Guest Writer October 03, 2020
David Oliphant is the owner of Ocean Blue Real Estate and is a member of the California.com Recommended Business Program, which highlights only the best businesses in the Golden State. To be featured, each business must be highly regarded, have a unique California story, and make a positive impact in their community.
In very competitive real estate markets such as Northern California, many buyers feel compelled to write a “buyer’s letter” telling sellers who they are and why they might be the perfect buyer for their home. I’ve always been a fan of them, and I’ve never seen them hurt.
Or have I….
While some listing agents might not be a fan of a personal letter from the buyers, as it might distract from the offer itself, I always ask my sellers what they would like to see. For many sellers, it’s important to know who might be buying their family home; they have loved the years they’ve spent in their home, and they want the next family to love it, too. I’ve also had sellers tell me that they don’t want to see the letter. For them, it’s about the highest offer and the quality of the transaction above all else. Both are totally understandable, and both are right.
But if there is steep competition on a home, a buyer’s letter can be a great way for buyers to get an edge up on other competing offers. Their letter may include a cute picture of the family with the dog, on the beach—the perfect shot! In some cases, a buyer’s letter may help to sway a seller’s decision when the buyer is unable to provide monetarily. I’ve recently experienced three situations where sellers picked the buyer they felt would best fit their home, which was not necessarily the highest offer. One of the buyer’s agents could not believe it when I told them that my clients selected another family that offered $50,000 under their client’s offer, but it was true—my clients loved the other family’s story and selected them to be the next caretakers of their family home. We received three offers that day, and only one buyer had written a letter.
An unfortunate issue that can arise with buyer’s letters is that of discrimination. The idea that someone would discriminate against a potential buyer based on their buyer’s letter never even crossed my mind in the past, but apparently, it is something that is happening across the country. Imagine if a buyer's letter was from a class of citizens considered “less than” in a seller’s eyes: a family of color, an LGBTQ+ family, an immigrant family, or someone considered “not from here”—they might automatically be ruled out as a potential buyer. Even if the seller does not realize they are doing it, the thought may still exist on a subconscious level and thus impact their decision.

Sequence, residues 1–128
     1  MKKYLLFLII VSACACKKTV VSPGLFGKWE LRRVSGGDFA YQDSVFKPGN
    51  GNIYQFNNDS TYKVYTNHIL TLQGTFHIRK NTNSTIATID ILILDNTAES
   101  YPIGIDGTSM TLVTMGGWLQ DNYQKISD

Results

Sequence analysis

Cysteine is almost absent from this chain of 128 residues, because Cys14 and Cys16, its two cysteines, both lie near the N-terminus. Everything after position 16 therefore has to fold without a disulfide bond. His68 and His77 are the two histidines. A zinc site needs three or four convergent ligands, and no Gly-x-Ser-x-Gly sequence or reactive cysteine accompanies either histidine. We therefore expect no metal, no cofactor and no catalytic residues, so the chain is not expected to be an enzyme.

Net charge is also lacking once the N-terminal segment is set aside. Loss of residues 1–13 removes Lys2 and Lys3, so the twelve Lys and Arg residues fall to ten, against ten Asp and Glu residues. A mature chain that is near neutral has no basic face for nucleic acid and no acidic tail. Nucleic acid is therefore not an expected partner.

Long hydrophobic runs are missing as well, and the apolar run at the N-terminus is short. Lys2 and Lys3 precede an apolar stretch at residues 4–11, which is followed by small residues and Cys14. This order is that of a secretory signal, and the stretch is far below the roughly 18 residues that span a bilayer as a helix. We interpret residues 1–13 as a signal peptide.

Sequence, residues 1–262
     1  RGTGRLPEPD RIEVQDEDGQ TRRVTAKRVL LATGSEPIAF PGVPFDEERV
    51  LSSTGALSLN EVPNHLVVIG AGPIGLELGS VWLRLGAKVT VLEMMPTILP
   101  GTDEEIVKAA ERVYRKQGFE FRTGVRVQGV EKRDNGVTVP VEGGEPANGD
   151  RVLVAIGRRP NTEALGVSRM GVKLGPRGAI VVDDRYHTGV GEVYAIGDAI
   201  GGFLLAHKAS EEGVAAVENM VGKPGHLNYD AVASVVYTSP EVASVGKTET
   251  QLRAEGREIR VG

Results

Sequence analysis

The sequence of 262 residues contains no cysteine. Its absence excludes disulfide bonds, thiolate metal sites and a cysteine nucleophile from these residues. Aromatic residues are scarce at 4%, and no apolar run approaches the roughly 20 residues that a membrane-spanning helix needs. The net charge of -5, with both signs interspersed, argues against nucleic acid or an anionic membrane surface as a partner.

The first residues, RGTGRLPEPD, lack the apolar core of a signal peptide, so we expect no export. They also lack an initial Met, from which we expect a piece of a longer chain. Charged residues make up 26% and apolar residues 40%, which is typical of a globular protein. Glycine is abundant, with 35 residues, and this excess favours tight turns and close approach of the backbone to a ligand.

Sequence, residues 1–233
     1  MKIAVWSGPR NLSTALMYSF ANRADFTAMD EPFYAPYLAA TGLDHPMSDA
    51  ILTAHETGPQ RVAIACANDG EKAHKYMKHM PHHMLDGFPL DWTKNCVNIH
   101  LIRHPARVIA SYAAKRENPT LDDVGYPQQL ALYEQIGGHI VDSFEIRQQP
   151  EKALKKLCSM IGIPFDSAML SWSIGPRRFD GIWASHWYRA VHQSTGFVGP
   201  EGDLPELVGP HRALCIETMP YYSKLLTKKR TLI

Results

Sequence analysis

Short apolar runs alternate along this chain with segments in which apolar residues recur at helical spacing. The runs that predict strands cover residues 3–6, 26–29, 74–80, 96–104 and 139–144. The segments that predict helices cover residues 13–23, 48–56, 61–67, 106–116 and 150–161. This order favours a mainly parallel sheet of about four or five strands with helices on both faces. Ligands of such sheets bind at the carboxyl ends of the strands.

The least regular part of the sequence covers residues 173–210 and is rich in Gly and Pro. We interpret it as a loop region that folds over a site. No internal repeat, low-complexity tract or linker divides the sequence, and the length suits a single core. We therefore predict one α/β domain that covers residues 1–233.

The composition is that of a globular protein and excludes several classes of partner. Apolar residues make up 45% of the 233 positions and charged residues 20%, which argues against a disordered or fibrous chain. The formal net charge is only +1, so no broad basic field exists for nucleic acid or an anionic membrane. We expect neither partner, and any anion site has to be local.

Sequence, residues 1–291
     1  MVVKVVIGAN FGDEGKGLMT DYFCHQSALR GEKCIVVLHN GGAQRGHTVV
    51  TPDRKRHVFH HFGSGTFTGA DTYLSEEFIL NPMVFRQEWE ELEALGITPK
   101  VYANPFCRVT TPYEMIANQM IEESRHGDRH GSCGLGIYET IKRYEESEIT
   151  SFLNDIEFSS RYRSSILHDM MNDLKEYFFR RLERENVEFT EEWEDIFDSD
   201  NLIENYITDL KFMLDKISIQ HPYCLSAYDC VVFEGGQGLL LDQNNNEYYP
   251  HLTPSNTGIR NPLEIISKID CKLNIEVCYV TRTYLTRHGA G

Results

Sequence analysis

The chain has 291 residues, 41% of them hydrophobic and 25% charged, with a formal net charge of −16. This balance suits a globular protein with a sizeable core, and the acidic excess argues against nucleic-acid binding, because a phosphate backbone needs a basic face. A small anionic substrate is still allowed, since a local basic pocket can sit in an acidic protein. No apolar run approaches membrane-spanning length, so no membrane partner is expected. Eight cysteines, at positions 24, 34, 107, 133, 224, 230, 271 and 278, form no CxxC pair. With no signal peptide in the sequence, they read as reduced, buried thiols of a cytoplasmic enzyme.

Other examples may be something as innocent as kids versus no kids, or a single-parent household versus two parents, etc. These days, families are very different from what was advertised as the “norm” in previous times. Or, what if the picture was of an “all-American Caucasian family”—does someone’s thinking shift in any way, even unknowingly? What if someone is wearing clothing of a political party in their picture—would that sway your thinking at all, especially in today’s world? I think on some level, we can all imagine it happening, unfortunately.
We may again find a day in real estate where no buyer’s letters are allowed, only the paperwork on which the offer is written. In this case, all a seller would see is a buyer's name. Again, there still exists the opportunity for discrimination within transactions. What if it’s an “international” name or something that sounds foreign or hard to pronounce? Even unknowingly, does that cause you to be curious or form an opinion of someone? It’s a newer, heightened way of consciously thinking.
Bringing awareness to the equal treatment of individuals regardless of color, race, gender identity, family status, personal beliefs, political status—whatever might be considered “different”—is the very cornerstone of ensuring that the values and lessons of progress made within our country are sustained. As professional realtors, we play a fundamental role in advocating and ensuring that those values are upheld and searching out ways to make both sides of the transaction comfortable and respectful for one another. As individuals, it is our responsibility to recognize and encourage equality not only in real estate, but in the real world, too.